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An adage in business is that “nothing happens until you sell something.” Nothing to install, nothing to service, nothing to renew. Great hardware and equipment manufacturers have been built on great engineers creating great products for great salespeople to sell, and the best of the best repeated this cycle as often as they could. Discussions between customer and supplier revolved around the initial sale, and “services” were comprised of customization and installation and/or support and maintenance contracts. Then, the engineers developed a product refresh and the cycle started all over again. However, as we’ve previously discussed in B4B, the conversations are changing.

The New Spectrum of Customer and Supplier Discussions

In the new consumption-based world, customer/supplier discussions around the initial sale are only the beginning of a much longer conversation. To make matters worse, customers are showing more hesitance in purchasing the asset up front. Many are instead opting to lease the asset or have a trial period before they commit to purchase. Some customers may also lack the skills necessary to manage and implement the increasingly complex technology and need hands-on help to fully adopt all of the product’s features. Lastly, customers are focusing on their core competencies and are asking suppliers to guarantee the return promised in the sales brochure. These changing discussions are summarized below.

customer and supplier discussions  

(Click image to enlarge.)

While it’s still true that nothing happens until a sale is made, today’s reality is that much more has to happen after that initial sale. Where can an organization find skilled, trusted advisors that can drive adoption and expansion of accounts in this new model? Look to your field service engineers.

4 Reasons Why Field Service Engineers Are Well-Suited for the Role of Trusted Advisor

“Trusted advisor” is the coveted status sought by every salesperson on the planet. With customers seeking assistance to fully adopt product features and to reap the promised return on investment, field service engineers are uniquely positioned to provide this service as part of their daily duties. They check all the boxes to be a trusted advisor:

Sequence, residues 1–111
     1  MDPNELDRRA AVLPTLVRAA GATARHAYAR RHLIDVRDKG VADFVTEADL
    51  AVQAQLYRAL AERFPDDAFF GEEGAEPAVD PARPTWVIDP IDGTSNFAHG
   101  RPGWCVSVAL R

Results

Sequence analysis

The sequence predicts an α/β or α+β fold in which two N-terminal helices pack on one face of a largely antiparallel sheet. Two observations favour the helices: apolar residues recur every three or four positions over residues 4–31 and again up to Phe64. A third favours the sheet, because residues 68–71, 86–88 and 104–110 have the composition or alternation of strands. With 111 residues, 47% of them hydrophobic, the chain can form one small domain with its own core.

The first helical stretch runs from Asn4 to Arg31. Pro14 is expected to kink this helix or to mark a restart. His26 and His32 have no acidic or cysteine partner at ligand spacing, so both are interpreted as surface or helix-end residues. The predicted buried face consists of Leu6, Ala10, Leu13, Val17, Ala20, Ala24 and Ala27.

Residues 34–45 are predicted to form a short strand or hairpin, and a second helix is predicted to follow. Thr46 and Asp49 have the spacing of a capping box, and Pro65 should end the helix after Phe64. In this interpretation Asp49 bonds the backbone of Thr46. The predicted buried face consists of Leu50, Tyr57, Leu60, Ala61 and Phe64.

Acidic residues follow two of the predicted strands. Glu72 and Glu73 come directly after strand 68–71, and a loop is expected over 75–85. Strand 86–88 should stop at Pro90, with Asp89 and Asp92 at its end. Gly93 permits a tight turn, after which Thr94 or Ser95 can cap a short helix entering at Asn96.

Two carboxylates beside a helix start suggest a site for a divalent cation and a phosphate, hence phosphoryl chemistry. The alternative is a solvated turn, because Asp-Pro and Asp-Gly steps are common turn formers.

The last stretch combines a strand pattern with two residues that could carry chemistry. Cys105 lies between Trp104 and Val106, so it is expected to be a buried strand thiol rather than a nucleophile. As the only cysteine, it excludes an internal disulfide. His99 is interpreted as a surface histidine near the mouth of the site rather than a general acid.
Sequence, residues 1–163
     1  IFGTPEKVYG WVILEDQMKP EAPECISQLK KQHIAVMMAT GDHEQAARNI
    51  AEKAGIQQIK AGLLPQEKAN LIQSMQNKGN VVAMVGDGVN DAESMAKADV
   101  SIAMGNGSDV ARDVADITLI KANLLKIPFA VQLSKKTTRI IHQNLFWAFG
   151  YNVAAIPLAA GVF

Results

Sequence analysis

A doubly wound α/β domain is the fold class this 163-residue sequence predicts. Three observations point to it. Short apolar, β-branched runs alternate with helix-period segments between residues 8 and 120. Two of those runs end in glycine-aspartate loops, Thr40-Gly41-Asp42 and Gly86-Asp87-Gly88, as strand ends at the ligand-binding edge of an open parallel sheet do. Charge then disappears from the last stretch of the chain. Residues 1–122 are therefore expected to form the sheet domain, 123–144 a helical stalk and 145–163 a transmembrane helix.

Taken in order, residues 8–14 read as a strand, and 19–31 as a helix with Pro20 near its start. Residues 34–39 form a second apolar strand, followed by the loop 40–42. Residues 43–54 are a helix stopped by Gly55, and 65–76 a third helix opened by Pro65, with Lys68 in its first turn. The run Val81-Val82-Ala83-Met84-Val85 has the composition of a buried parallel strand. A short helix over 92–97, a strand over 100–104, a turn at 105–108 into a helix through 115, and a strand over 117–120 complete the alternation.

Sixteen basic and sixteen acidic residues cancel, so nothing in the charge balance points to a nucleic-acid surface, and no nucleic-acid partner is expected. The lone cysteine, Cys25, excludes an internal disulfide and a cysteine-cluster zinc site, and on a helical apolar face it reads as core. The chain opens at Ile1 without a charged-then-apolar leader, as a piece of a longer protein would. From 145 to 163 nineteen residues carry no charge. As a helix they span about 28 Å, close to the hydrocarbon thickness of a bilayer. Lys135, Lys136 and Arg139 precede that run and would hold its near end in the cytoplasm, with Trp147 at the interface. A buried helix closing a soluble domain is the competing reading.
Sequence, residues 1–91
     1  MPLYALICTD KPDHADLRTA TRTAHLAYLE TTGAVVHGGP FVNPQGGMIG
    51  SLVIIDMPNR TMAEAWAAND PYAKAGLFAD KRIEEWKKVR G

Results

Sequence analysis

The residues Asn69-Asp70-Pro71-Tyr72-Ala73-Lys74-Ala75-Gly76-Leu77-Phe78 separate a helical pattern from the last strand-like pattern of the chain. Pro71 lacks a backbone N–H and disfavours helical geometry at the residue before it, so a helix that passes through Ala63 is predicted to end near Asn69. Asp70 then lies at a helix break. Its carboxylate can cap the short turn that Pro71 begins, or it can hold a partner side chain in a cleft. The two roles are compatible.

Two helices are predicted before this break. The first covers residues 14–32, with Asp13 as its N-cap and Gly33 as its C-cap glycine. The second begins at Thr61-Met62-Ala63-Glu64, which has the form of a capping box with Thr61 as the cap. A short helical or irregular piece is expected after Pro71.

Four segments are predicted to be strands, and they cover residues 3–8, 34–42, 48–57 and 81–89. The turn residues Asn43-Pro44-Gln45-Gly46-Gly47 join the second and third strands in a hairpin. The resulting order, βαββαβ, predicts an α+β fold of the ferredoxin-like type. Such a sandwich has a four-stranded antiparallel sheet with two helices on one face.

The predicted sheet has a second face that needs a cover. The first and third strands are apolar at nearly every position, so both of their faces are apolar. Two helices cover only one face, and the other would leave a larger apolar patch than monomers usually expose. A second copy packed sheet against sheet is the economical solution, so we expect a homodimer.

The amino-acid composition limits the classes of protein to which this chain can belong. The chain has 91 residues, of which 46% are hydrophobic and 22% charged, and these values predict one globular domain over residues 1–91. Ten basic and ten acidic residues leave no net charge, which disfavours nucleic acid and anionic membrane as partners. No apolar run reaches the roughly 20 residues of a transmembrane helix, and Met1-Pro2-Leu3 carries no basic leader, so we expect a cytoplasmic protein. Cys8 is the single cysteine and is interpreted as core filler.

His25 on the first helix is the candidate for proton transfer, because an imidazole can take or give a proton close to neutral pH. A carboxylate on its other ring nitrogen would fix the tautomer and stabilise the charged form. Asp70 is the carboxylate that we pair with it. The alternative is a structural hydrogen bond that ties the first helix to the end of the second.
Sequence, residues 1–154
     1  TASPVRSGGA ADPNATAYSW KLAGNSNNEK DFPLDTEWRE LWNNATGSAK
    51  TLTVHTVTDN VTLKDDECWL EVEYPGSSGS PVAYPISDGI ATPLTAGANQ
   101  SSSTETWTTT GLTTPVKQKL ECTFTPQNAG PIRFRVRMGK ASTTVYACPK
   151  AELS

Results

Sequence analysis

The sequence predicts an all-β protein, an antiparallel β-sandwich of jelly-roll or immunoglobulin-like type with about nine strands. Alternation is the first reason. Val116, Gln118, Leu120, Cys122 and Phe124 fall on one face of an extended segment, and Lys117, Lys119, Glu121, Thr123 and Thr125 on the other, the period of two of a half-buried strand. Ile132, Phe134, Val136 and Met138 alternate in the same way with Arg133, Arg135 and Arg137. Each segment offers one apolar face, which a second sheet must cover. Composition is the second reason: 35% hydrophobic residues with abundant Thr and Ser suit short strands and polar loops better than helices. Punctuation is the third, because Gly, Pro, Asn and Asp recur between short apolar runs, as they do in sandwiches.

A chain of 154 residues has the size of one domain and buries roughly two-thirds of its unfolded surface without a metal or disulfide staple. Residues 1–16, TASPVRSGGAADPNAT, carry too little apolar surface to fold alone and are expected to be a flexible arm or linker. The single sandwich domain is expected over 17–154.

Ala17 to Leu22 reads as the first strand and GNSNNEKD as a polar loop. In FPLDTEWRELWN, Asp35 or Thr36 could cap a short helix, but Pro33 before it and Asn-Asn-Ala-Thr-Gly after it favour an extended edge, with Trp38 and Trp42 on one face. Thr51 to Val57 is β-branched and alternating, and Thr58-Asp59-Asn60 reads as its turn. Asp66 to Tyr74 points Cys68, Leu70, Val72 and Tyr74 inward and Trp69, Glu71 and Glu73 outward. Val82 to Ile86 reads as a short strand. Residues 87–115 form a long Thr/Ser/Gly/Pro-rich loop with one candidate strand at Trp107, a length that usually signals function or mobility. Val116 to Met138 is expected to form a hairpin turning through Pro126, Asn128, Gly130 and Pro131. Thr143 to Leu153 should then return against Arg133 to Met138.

1. Relationship: During their 40-50 on-site visits a month, they have built the strong relationships with customers that result from getting the equipment up and running again.
  2. Context: The field service engineer sees good and bad implementations during break/fix incidents and can extend appropriate, in-context offers related to products and services.
  3. Personalization: Multiple visits to a customer location enable targeted offers based on intimate knowledge of the customer’s environment. Most sales executives would love to get on the factory floor or behind the security door to see current operations and competitive product placements.
  4. Immediacy: Instant gratification that comes from showing a customer how to better use their product. This immediacy also cements the field service engineer’s status in the eyes of the customer.

Learn More About the Role of Field Services in Landing, Retaining, and Growing Customers at TSW

The theme for our upcoming Technology Services World conference in San Diego, May 7-9, is “Blending Service and Sales Motions.” The keynote speakers and breakout sessions will enable you to see how technology companies are leveraging the expertise of both their Sales and Service teams to land, retain, and grow customers. Specifically, there are a number of sessions that will discuss field service best practices for driving adoption and upselling to premium maintenance and support tiers, including:

  • Leveraging field service engineers to cross-sell and upsell as a natural part of their job
  • Establishing field service Land, Adopt, Expand, Renew (LAER) practices to ensure that accounts grow after the initial sale
  • Developing expand offers that are presented by field service engineers during the normal course of business to help customers improve their operational performance
  • Incentive practices, both cash incentive and non-monetary recognition, for field service engineers to identify cross-sell and upsell opportunities

Become part of the solution and join the conversation by joining us at TSW! There’s still time to register if you haven’t already, and I hope to see you there. In the meantime, be sure to check out other blog posts in our “Blending Service and Sales Motions” series written by other members of the TSIA Research team on how this theme relates to their respective areas of research.

Read more posts in the "Blending Service and Sales Motions" blog series:

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Vele Galovski

About Author Vele Galovski

Vele Galovski is vice president of support and field services research for TSIA. Using his nearly 30 years of industry experience, he has consistently helped companies both large and small drive double-digit top-line growth with a proven retain, gain, and grow strategy. Vele has also written a book, The Perpetual Innovation Machine, which describes a holistic approach to management based on ambitious goal setting, data driven analysis, skillful prioritization, inspiring leadership, and the lost art of employee engagement.

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